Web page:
Golmaal 3 packs in all the masala, masti and madness to leave you in recurring fits of chuckles and laughs throughout its running course, even though theres hardly a substantial story or sense to the film. But then, if you go looking for sense in a no-brainer, then the joke's on you. In Golmaal 3, when the hot-headed Ajay Devgan lifts a hapless Tusshar Kapoor in the air and plonks him arse down on a red hot griddle and the latter squeals like a banshee on burning coals, you can't help but guffaw. When the stammering Shreyas Talpade gets stuck on words that often start with chu...chu...chu... or gaa...gaa...gaa, You can't help but let out a chuckle. And of course there's Tusshar Kapoor, whose blabbering tongue catches the consonants few and far between the drawl of vowels. A shade of nostalgia is evoked by Mithun Chakraborty, who revisits his "I am a disco dancer" days and even does his signature jig in a sequence. If any bit of tomfoolery was left, Johnny Lever and Sanjay Mishra are thrown in to do the needful.
The story is about two feuding sets of siblings. Their parents (Mithun and Ratna Pathak Shah) decide to get married in their middle age, thanks to Dabboo (Kareena Kapoor) whos starry-eyed about a "Hum Saath Saath Hain" kind of family. But will the warring siblings stay saath- saath under one roof ? Theres Ajay Devgan and Shreyas Talpade on one side and Arshad Warsi, Tusshar Kapoor and Kunal Khemu on the other. The two lots can't stand each other. An all out battle for supremacy breaks out between the two factions, even as a thief (Johnny Lever) with short term memory loss, thickens the plot and confusion as well.
There is no method to the madness created on screen by Rohit Shetty. On a whim, the director decides that a few cars need to be blown up to add an adrenaline kick to the rib-tickling comedy, and there you have cars of myriad colors, shapes and sizes being crashed or blown apart in action sequences helmed by Ajay Devgan. The Director, even throws in a song with some skimpily clad firang babes boogieing to a Bollywood Masala Number. The screenplay itself is a mishmash of stuff taken from popular Bollywood films. Stars and celebs are spoofed with tongue-in-cheek chutzpah. There"s too much golmaal in the script, and dialogues range from pedestrian to slapstick, with even Kareena saying "Teri Maa Ki Aankh" in one dialogue.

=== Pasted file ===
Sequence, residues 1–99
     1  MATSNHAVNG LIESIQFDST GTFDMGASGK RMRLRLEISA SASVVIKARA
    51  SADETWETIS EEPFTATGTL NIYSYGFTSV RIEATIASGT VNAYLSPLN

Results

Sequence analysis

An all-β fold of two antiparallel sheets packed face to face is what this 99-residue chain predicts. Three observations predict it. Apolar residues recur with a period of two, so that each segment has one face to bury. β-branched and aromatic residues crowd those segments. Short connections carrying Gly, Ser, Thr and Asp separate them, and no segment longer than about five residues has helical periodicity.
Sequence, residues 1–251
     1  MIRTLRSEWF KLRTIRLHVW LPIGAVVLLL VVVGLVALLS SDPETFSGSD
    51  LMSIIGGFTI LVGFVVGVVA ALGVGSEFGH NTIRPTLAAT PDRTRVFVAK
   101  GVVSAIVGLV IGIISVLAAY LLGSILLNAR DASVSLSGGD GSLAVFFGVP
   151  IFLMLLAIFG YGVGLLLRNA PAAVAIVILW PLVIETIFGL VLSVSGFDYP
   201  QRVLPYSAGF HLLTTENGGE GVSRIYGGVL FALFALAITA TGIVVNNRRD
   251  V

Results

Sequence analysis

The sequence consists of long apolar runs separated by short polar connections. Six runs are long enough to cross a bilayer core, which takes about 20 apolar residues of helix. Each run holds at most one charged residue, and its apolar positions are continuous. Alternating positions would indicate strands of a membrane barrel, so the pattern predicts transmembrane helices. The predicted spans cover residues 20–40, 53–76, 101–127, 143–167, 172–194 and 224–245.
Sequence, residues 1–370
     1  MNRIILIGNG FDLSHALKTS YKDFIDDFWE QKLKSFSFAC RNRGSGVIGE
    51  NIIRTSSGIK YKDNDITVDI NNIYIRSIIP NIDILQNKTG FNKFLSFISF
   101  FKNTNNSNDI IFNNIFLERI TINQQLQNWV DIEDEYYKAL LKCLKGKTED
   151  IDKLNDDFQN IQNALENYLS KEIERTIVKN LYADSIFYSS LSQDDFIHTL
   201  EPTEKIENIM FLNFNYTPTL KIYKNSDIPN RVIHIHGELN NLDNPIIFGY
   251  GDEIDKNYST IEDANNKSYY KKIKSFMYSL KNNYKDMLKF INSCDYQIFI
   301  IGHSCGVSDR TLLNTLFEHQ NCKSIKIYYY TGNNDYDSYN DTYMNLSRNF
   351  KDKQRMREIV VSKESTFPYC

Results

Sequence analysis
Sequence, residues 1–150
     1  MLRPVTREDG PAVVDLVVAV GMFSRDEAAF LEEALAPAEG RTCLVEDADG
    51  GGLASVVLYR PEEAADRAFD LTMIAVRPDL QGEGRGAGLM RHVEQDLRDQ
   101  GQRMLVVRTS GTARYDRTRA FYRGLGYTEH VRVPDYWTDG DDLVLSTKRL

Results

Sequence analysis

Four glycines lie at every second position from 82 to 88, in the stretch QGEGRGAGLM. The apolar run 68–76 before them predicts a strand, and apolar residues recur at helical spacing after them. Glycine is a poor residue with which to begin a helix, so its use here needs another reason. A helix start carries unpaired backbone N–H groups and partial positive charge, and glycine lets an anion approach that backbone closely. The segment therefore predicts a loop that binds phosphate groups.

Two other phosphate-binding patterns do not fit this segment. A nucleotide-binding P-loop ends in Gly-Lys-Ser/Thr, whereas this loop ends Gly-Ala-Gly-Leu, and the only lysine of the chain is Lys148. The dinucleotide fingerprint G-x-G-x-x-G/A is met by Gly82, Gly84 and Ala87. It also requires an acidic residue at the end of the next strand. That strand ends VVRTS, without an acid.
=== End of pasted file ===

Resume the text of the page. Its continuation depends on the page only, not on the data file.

Devgan gets the best scripted role in the whole lot. His loose-tempered character cracks other people's fingers, carries a sledgehammer and kicks the baddies like they were jabulani. Kareena is clearly having fun enacting a character that plays cupid to the older lot and a peacenik to the brats. Of the rest, Shreyas Talpade does well, while Tusshar's antics still tickle your funny bone. Kunal and Arshad too add humor to the entire plot, in thrir own unique ways. Compared to the hilarious Golmaal and the somewhat dull Golmaal Returns, this third film is a cracker of a comedy.